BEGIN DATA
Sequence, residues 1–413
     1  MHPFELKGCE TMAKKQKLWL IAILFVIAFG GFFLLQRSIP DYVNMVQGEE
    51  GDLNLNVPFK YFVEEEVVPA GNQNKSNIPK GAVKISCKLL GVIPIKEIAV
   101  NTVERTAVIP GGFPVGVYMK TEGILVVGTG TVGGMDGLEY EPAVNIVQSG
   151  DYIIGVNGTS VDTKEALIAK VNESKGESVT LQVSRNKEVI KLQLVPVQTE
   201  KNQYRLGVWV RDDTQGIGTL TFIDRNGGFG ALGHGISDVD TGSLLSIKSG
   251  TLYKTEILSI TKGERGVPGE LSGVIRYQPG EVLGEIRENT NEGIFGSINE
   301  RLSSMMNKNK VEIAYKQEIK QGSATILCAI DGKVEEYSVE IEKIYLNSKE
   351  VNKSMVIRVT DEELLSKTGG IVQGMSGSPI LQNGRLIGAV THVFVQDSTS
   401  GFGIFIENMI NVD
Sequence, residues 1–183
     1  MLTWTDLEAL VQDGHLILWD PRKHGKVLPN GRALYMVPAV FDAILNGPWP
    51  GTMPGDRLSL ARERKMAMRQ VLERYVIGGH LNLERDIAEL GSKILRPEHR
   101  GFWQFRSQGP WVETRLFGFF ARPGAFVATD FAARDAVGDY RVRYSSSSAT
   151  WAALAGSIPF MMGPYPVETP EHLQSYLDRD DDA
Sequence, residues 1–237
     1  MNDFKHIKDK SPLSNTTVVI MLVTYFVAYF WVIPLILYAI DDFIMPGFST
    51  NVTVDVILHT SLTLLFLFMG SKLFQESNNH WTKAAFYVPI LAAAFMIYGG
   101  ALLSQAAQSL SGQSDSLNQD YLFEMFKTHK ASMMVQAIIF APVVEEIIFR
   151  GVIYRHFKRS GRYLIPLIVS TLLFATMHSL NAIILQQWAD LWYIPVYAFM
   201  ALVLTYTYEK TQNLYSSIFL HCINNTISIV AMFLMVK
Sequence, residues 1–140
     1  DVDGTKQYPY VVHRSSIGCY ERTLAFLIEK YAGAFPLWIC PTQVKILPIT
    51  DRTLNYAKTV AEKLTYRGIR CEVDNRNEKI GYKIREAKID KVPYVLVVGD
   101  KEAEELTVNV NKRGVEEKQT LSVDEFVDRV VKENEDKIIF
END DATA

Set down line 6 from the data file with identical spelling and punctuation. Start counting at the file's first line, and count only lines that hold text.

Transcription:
   201  KNQYRLGVWV RDDTQGIGTL TFIDRNGGFG ALGHGISDVD TGSLLSIKSG